NOTE TO LOCAL NEWS MEDIA: Please help communicate this urgent pollution prevention message to Dane County area residents. Fine particle pollution levels could potentially exceed the federal health standard later this afternoon, this evening and tomorrow morning.
The Dane County Clean Air Coalition (CAC) today announced the first wintertime Clean Air Action Day for fine particle pollution effective immediately through noon tomorrow. The announced Clean Air Action Day was triggered by the state Department of Natural Resources (DNR) issuance this morning of an Air Quality Watch for all Wisconsin counties. According to DNR meteorologists, warm temperatures and light winds has created a temperature inversion across the entire state formed by warm air rising over cold air resulting in ideal conditions for trapping fine particles and allowing them to build to potentially unhealthy levels.
A Clean Air Action Day lets people know that fine particles could reach an unhealthy level especially for children, older adults, people with asthma or heart disease and adults engaged in vigorous outdoor activities. Clean Air Action Days also remind people of simple actions they can take to improve the air we all breathe.
“Clean Air Action Days are a voluntary way for government agencies, businesses and citizens in Dane County to do their share for cleaner air,” said Dave Merritt, Project Coordinator of the CAC. These activities include:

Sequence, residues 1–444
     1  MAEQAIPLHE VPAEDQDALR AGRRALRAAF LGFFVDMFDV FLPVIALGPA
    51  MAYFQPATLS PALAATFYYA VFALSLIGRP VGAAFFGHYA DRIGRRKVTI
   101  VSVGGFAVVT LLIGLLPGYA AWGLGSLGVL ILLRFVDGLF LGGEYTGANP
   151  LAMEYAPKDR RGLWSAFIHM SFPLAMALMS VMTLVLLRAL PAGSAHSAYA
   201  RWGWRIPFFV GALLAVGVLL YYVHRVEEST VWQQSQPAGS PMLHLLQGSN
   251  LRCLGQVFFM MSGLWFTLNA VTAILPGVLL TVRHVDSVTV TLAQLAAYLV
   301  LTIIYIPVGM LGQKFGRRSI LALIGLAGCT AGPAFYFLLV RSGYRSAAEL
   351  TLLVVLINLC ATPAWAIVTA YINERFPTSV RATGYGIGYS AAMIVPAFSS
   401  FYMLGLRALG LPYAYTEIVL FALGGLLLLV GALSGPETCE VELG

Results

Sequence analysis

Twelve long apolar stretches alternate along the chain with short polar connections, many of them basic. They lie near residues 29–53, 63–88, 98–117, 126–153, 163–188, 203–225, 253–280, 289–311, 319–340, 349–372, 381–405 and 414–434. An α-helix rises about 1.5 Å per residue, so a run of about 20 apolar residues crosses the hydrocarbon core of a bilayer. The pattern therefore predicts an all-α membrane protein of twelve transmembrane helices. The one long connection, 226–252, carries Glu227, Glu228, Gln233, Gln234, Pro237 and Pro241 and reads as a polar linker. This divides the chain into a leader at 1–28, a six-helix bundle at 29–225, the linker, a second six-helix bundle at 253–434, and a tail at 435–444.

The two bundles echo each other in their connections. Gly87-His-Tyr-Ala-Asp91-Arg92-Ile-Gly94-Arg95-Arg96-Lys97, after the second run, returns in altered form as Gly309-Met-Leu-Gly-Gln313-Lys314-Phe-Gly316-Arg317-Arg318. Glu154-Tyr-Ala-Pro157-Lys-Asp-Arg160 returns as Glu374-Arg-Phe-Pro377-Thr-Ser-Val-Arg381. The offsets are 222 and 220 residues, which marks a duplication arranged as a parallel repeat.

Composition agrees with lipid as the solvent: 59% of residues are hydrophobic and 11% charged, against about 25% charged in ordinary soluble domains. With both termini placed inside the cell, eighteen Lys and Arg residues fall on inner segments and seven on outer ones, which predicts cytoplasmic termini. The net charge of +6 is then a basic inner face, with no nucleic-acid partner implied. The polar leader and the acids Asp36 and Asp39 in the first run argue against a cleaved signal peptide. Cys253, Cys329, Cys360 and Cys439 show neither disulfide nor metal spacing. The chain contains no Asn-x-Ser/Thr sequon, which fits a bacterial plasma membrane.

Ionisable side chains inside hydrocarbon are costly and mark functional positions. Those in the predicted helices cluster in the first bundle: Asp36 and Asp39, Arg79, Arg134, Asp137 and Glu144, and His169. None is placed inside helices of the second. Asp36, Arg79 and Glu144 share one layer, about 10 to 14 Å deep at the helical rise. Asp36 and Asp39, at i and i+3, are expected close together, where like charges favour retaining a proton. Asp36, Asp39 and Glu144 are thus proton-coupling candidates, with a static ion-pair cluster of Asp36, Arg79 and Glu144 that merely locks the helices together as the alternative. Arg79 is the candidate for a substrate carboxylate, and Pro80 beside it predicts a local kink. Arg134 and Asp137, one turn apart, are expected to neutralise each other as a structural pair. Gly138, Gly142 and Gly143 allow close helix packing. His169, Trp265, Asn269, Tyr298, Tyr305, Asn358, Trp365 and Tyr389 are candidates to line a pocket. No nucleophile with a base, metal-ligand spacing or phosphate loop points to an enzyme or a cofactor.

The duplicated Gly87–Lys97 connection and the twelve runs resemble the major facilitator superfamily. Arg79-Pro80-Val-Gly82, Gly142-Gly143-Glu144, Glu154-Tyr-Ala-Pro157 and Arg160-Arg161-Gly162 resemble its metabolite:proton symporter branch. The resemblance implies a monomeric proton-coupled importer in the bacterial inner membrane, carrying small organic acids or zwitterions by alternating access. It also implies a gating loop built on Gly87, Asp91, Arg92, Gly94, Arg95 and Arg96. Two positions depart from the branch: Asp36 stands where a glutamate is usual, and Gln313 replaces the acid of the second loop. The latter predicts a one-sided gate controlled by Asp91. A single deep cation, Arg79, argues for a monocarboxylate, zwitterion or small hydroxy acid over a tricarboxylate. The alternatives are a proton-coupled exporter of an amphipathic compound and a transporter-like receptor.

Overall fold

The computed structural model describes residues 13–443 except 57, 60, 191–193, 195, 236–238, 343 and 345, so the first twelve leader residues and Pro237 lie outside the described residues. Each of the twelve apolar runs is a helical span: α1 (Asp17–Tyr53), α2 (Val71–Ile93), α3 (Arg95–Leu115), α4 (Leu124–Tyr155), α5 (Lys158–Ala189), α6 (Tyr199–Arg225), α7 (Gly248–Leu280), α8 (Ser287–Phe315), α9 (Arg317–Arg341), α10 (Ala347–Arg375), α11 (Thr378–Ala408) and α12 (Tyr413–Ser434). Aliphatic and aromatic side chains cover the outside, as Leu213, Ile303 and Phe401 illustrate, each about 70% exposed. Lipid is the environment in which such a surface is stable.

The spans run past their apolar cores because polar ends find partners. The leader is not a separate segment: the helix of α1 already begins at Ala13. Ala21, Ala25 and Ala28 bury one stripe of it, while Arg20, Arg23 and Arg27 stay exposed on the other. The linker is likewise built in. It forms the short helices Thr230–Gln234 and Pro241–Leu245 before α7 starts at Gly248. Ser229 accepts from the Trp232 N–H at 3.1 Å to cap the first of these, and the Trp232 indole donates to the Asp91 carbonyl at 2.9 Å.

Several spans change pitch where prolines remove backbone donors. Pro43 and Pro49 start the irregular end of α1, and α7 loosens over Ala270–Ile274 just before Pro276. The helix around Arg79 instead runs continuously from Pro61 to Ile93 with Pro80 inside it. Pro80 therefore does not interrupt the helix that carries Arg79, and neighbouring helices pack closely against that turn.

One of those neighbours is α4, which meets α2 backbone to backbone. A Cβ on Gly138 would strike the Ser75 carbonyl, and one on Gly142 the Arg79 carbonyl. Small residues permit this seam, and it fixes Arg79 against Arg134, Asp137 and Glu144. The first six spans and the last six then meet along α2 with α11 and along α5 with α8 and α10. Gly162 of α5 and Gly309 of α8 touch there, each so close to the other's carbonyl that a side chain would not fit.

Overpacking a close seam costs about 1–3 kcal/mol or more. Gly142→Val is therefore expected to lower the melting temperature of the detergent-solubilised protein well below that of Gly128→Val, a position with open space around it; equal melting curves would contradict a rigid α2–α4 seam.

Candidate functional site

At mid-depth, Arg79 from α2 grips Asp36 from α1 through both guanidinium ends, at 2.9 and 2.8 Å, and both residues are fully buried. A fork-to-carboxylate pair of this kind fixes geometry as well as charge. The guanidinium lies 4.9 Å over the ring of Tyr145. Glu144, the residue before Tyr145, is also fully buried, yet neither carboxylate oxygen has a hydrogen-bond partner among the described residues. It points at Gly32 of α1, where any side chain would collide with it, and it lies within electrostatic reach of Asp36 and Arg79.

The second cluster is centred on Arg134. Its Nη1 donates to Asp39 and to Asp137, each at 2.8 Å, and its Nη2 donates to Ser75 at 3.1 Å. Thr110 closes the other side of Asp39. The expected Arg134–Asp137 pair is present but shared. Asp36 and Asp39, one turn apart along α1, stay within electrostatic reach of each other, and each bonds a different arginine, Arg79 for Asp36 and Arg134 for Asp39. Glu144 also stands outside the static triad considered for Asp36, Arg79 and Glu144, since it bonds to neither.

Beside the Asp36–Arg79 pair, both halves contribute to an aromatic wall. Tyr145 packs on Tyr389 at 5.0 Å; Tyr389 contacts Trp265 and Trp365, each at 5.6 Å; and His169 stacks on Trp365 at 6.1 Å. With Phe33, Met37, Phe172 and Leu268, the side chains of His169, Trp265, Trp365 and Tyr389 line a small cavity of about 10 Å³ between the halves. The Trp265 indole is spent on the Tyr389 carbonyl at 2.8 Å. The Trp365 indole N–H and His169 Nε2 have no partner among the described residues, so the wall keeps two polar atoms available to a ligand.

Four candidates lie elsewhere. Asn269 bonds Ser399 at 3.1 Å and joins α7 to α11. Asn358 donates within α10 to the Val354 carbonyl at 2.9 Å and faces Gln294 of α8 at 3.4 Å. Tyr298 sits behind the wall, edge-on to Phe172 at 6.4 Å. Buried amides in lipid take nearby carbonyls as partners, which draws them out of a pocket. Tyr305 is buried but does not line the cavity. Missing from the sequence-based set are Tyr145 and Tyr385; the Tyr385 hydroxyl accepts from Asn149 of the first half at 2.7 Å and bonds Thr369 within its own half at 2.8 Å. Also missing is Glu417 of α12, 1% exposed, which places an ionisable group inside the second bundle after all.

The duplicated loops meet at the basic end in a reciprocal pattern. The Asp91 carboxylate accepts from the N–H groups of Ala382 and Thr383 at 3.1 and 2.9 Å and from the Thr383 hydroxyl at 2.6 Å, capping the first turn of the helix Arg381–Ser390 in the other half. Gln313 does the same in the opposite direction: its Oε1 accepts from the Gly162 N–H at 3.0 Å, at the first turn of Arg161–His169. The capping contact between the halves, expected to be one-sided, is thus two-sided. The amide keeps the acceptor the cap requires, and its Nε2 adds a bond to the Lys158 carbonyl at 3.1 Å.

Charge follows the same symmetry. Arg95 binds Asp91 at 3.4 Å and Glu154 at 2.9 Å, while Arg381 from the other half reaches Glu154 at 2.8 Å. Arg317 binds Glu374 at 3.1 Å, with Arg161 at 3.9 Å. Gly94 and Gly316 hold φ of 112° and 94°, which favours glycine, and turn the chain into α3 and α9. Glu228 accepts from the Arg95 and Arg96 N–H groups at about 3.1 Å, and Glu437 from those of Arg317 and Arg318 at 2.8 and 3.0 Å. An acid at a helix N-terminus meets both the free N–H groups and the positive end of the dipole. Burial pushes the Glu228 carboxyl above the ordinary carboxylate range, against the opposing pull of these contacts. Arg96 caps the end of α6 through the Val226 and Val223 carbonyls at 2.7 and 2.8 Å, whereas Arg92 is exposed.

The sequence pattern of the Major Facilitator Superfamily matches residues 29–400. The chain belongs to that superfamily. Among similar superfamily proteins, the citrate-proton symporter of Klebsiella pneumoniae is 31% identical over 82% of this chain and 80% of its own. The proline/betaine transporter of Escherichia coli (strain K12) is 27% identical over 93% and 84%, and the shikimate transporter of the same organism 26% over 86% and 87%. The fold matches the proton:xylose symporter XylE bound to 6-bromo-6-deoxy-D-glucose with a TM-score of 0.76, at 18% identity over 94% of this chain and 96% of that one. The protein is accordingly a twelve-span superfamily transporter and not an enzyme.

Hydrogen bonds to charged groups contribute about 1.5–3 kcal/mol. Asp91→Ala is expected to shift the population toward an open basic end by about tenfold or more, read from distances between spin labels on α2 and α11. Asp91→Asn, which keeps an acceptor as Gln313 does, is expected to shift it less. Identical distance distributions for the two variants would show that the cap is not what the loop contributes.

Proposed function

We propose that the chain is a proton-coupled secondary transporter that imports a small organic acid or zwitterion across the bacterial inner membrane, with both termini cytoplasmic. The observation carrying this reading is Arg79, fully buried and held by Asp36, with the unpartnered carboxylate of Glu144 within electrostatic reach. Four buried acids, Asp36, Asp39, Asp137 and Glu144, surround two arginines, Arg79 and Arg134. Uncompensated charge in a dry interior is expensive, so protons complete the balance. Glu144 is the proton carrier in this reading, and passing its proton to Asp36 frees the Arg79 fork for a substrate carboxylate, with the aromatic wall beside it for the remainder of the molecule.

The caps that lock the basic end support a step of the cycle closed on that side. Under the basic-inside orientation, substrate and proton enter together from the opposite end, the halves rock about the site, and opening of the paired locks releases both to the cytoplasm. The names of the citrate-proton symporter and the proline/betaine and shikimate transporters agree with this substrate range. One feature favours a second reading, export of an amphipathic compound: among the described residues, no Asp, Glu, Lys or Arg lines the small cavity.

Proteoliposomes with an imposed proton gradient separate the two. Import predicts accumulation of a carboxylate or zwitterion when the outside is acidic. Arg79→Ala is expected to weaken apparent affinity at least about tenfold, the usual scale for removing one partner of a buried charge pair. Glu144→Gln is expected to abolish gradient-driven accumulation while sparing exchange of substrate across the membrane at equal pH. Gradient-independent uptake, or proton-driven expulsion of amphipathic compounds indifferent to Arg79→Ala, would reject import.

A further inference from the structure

- Reduce vehicle travel by carpooling, taking the bus, delaying trips, or biking or walking. If you need to use your car please reduce speed and limit idling.
- Conserve energy - Reduce energy consumption by turning off electrical devices when not in use and turn down the thermostat.
- Open burning and use of burn barrels should be delayed. Avoid use of outdoor wood burning boilers and fireplaces. If you do burn wood, build small hot fires with dry seasoned wood.
In December, the U.S. Environmental Protection Agency (EPA) designated six Wisconsin counties, including Dane and Columbia counties, as “non-attainment areas” under a more stringent federal fine particle health-based standard. Fine particles are very small particles with diameters less than 2.5 microns (about 30 times smaller than the diameter of a human hair). Major contributors to fine particle pollution include trucks, passenger cars, off-road equipment, electric power generation, open burning and agricultural sources. Due to their small size, fine particles are easily inhaled and are deeply deposited into the lungs, which can aggravate and even cause serious health problems such as heart and lung disease. On a Clean Air Action Day Action Day, residents are advised to monitor their health and to consult their physician if they have any health-related concerns.